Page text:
(* NEW *) Here is another excellent Asimov page by Roland Saekow
- All you ever wanted to know about Isaac
Asimov. Find it on the
Isaac Asimov Home Page.
Isaac Asimov 1920 - 1992
Some of Isaac Asimov's most
Remarks on Asimov's Three Laws of Robotics
Isaac Asimov, who, in my opinion, is the greatest writer of all time, published his
three laws in a short story called "Runaround" which was published by Street and
Smith Publications, Inc. in 1942. The three laws were stated as follows:
- A robot may not injure a human being, or, through inaction, allow a human being to come
- A robot must obey the orders given it by human beings except where such orders would
conflict with the First Law.
- A robot must protect its own existence as long as such protection does not conflict with
the First or Second Law.
Several readers have asked about Asimov's Zeroth law. Finally, I have found time to
include it. The following paragraph was quoted from Rodger Clark's page on
Asimov detected as early as 1950, a need to extend the first law, which protected
individual humans, so that it would protect humanity as a whole. Thus, his calculating
machines "have the good of humanity at heart through the overwhelming force of the
First Law of Robotics" (emphasis added). In 1985 he developed this idea further by
postulating a "zeroth" law that placed humanity's interests above those of any
individual while retaining a high value on individual human life.
Zeroth law: A robot may not injure humanity, or, through inaction, allow humanity to
come to harm.
Notwithstanding my great admiration for Asimov, I do not agree with his laws (nor do
many other roboticists or sci-fi writers - such as Robert J. Sawyer).
Consider the first law. The first law precludes several very important
"careers" for which the android is well suited - namely: soldier, policeman, and
It is clear that the military will be quite interested in having android soldiers in
order to spare the lives of our human soldiers - and very likely to reduce the numbers of
human soldiers needed by the military thus reducing the national defense budget.
Androids would also be well suited as policemen. My major complaint against policemen
is that they shoot first and ask questions later. Hardly a year goes by in which we don't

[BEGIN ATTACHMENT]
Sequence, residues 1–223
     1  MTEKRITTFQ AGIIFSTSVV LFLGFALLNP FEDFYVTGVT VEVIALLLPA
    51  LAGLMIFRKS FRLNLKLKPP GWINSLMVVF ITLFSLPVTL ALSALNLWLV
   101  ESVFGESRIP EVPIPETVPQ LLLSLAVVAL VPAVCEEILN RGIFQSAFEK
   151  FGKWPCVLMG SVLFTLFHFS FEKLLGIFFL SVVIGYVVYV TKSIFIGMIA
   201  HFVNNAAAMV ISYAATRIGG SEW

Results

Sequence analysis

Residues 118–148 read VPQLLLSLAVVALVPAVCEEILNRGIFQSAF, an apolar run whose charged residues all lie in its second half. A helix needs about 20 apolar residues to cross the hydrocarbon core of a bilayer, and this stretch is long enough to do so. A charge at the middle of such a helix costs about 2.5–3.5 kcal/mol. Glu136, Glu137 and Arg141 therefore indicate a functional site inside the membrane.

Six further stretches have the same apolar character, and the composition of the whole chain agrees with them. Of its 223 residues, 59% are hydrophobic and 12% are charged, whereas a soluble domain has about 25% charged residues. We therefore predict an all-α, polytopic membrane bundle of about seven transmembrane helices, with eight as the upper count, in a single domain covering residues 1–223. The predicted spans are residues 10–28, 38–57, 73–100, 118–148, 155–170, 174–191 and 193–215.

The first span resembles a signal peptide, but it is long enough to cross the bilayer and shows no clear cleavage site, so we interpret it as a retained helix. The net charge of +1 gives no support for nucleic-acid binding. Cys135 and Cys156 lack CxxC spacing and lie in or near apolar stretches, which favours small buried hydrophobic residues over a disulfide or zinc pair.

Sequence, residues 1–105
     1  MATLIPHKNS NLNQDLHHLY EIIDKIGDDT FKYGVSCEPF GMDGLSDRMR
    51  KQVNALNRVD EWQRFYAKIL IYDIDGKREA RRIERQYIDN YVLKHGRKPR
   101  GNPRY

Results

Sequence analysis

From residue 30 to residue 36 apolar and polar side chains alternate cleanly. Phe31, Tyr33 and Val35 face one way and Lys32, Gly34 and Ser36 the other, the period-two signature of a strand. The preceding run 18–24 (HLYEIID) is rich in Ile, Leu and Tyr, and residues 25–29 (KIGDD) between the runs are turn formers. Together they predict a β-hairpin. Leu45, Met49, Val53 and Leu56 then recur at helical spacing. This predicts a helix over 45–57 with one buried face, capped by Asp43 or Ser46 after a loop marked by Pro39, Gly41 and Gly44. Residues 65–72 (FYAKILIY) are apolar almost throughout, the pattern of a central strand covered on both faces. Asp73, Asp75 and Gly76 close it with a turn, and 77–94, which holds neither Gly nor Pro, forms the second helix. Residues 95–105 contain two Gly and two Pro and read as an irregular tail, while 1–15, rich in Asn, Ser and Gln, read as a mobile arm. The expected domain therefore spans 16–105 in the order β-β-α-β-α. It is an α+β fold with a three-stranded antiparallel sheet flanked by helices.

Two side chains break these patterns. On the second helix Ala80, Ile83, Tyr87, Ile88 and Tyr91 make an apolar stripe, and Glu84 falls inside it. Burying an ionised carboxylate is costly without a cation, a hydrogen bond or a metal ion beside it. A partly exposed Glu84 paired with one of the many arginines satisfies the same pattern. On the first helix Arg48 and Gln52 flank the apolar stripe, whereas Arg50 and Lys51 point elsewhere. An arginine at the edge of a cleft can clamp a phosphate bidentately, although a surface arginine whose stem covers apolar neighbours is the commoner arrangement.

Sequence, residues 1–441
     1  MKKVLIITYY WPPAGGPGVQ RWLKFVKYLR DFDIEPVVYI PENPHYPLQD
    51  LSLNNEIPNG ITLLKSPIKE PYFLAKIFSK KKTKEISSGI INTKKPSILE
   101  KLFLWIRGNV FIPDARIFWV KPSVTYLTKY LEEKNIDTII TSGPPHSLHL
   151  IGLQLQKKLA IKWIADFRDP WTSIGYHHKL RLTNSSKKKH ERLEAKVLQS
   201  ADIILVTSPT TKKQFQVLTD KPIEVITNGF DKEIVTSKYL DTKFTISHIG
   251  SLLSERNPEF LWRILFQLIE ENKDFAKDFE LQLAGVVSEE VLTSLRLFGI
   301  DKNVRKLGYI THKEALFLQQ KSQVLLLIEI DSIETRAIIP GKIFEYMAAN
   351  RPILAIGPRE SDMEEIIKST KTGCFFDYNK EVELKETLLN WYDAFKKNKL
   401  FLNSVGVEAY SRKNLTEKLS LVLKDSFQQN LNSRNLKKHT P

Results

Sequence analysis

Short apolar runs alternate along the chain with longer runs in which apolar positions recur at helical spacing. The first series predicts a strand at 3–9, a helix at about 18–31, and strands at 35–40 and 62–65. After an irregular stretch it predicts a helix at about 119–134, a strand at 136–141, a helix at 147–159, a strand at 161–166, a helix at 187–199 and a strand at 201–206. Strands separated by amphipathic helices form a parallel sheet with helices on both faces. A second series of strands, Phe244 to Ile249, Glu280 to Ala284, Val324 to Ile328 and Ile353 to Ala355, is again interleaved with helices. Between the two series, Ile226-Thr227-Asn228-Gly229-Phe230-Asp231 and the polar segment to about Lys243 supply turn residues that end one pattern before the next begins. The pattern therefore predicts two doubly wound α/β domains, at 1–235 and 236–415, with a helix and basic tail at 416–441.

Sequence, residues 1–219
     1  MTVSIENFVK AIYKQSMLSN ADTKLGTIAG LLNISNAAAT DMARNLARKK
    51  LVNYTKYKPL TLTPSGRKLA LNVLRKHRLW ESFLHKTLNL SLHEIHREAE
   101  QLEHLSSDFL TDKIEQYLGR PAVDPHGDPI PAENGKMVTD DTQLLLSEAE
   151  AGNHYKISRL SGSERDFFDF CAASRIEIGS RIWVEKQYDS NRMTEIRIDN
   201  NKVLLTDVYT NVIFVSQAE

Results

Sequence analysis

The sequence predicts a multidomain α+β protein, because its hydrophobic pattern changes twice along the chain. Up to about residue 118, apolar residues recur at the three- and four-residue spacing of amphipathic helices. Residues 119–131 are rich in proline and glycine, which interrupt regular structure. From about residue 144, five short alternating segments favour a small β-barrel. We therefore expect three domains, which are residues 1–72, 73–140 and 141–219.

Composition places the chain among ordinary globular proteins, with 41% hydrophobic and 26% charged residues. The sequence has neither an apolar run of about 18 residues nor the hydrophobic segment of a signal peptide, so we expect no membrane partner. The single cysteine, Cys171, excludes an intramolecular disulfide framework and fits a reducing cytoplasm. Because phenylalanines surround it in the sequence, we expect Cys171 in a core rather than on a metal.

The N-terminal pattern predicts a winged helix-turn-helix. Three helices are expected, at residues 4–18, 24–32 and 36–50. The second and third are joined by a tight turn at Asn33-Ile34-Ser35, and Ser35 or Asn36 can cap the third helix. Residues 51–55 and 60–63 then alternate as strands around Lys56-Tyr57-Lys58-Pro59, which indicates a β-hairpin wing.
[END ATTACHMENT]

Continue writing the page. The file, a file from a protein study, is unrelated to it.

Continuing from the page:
hear of some cop killing a child who threatened him with a toy gun. I find that behavior
unacceptable. We also very often hear of policemen who kill people who are unarmed simply
because the cop "thought he was reaching for a gun". I find that behavior
unacceptable too. Rarely are the cops prosecuted and, who knows if the cop simply wanted
to kill that person for some reason - such as his skin color. Since an android is
not alive, he can't be killed and therefore he NEED NOT shoot first.
Androids would also make good security guards. Again, they need not shoot first. In
addition, they don't need sleep and won't get tired or hungry. They will always attend to
their duties and not "goof off." Androids don't need to eat so you will never
find them sitting in a doughnut shop. They can't be distracted by common events which
might affect humans - such as sporting events or pretty girls.
Consider now, the second law. While I generally agree with it, I believe it needs to be
reworded. Perhaps it could be written as: A robot must obey the orders given to it by its
owner or other human beings or androids designated by the owner. In its original form we
would encounter such bizarre situations as humans hijacking androids from other projects
and putting them on their own projects. You would be unable to count on your android
finishing his assigned tasks because other humans would order them to do something else.
Another consideration for which I currently have no solution, is whether the android
should follow orders which are immoral or unethical or illegal. Of course, I don't want
androids to engage in illegal activities, but it will be very difficult to prevent that